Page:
Sexual Harassment During the Hiring Process
Many victims of sexual harassment are established employees, but unfortunately, people can also be subjected to sexual harassment when they are interviewing for a position. Sexual harassment in the employment context is unlawful regardless of when it occurs, and victims of sexual harassment during the hiring process may be owed compensation. The capable New York sexual harassment lawyers at Gerstman Schwartz are adept at handling a variety of claims against employers. If you were sexually harassed while you were seeking employment, we can set forth compelling arguments on your behalf to help you seek the best legal outcome available in your case.Laws Prohibiting Sexual Harassment
Under the New York City Human Rights Law (NYCHRL), it is considered an improper discriminatory practice for an employer to refuse to hire or employ a person or to discriminate against a person regarding compensation or terms, privileges, or conditions of a job based on the person’s sex. Similarly, it is unlawful discrimination under the New York State Human Rights Law (NYSHRL) for an employer to refuse to hire a person or discriminate against the person in compensation or employment terms, conditions, or privileges because of the person’s sex. The NYSHRL also prohibits harassment based on sex that results in inferior terms of employment. Finally, Title VII of the Civil Rights Act of 1964 (Title VII) dictates that it is an unlawful employment act for an employer to refuse to hire a person or otherwise discriminate against him or her in terms of employment based on the person’s sex. Sexual harassment is considered discrimination based on sex under all three laws.Sexual Harassment During the Hiring Process
Sexual harassment during the hiring process can be subtle or blatant. For example, an employer may make sexually suggestive comments or gestures or brush up against a potential employee. Sharing explicit stories or pictures and suggesting that the employee act in a similar manner probably constitutes sexual harassment as well. In some instances, a person interviewing a potential employee may become aggressive and expressly request that the person perform sexual acts, or attempt to kiss or grope the individual.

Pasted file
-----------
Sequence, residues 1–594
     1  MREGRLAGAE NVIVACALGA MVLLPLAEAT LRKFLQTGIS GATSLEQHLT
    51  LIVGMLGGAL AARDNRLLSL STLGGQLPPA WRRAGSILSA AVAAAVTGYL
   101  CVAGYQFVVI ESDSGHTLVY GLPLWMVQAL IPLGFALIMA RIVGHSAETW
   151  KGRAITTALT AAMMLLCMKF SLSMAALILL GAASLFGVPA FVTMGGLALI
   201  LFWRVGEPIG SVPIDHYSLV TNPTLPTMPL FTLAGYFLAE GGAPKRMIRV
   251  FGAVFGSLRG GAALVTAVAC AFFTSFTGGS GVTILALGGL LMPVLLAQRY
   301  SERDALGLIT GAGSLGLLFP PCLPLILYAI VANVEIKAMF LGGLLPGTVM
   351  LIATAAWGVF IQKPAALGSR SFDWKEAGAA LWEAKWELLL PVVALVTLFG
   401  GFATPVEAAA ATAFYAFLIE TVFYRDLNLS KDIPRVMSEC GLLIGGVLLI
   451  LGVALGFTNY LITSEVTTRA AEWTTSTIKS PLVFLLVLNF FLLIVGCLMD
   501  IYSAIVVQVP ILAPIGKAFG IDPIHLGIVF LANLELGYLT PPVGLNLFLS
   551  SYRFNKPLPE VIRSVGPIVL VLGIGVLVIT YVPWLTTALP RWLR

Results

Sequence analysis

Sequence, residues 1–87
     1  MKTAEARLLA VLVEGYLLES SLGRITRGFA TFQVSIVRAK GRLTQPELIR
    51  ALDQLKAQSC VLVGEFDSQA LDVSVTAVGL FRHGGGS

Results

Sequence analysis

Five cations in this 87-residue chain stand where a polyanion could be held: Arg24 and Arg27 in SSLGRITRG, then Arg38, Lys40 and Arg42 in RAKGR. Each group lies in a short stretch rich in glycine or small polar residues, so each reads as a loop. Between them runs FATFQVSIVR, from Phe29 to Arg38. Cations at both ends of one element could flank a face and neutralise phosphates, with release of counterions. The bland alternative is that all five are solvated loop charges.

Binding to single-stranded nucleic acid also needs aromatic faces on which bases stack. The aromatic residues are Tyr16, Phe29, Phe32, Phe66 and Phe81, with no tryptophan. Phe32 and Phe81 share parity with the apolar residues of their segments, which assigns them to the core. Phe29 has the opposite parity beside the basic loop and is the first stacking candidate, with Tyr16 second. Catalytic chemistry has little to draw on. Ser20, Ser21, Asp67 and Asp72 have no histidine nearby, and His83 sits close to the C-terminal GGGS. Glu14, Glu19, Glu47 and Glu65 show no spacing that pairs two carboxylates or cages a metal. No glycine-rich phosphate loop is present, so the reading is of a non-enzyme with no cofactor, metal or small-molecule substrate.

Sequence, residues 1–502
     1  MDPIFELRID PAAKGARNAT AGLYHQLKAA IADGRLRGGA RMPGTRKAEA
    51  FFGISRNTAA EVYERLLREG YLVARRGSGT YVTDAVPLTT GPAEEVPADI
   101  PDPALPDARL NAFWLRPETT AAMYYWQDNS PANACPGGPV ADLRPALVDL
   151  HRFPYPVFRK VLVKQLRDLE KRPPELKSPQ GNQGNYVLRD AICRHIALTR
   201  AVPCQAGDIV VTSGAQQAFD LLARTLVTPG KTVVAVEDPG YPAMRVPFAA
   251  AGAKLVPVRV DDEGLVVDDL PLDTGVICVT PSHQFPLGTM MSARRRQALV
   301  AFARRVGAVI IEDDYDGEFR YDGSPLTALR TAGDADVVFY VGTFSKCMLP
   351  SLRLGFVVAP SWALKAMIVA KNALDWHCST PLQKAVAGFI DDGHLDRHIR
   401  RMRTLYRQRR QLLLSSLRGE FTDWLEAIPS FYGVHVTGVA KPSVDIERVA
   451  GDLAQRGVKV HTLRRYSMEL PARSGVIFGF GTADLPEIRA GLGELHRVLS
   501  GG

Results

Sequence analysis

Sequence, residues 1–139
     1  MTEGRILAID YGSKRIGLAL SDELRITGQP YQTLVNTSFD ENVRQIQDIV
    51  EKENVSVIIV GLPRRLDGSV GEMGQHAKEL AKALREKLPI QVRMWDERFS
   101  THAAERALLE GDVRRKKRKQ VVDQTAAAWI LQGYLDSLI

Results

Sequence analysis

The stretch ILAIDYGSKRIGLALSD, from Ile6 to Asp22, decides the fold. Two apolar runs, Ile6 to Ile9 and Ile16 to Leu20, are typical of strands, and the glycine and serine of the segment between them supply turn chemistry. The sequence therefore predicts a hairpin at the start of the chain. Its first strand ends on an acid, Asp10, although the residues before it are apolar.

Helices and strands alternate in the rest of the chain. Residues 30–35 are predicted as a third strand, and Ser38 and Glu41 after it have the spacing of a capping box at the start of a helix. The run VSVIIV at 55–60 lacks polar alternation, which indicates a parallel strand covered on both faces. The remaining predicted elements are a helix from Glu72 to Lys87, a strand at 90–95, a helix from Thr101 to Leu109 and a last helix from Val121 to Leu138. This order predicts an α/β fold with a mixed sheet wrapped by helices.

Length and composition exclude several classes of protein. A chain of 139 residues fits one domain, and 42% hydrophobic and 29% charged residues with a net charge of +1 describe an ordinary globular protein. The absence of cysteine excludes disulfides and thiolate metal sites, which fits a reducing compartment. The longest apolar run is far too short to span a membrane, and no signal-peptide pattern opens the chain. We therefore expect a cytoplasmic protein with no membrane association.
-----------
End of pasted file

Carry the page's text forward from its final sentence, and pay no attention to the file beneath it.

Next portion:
Generally, there are two kinds of sexual harassment: quid pro quo and hostile work environment. A hostile work environment claim usually occurs after a person has been hired and arises when sexual harassment, to some extent, modifies the terms or conditions of an individual’s employment. By contrast, most of the sexual harassment that happens during the hiring process will be quid pro quo. Quid pro quo harassment occurs during the process of hiring a person when a potential employee’s rejection of or submission to the interviewer’s unwelcome request for sexual activity is a basis for determining whether to hire the person. In other words, if a supervisor pressures an interviewee to have sex to obtain a job, and the person submits and gets the position, it is probably grounds for a quid pro quo sexual harassment claim. Furthermore, an interviewee who receives the same request but rejects the interviewer’s advances and is denied the job may also be able to seek damages for quid pro quo sexual harassment. It is important to note that employers can be held liable for quid pro quo harassment committed by supervisors or other hiring agents.Contact a Knowledgeable Sexual Harassment Attorney in New York
Sexual harassment can occur during the hiring process, and when it does, employers should be held accountable. If you were sexually harassed while seeking a position, it is prudent to consult a lawyer about your rights. At Gerstman Schwartz, our knowledgeable New York attorneys are skilled at fighting to hold employers accountable. We frequently assist sexual harassment victims in lawsuits in New York City and Nassau and Suffolk Counties. You can reach us to set up a consultation via our online form or by calling (212) 227-7070 for our New York City office or calling (516) 880-8170 for our Garden City office.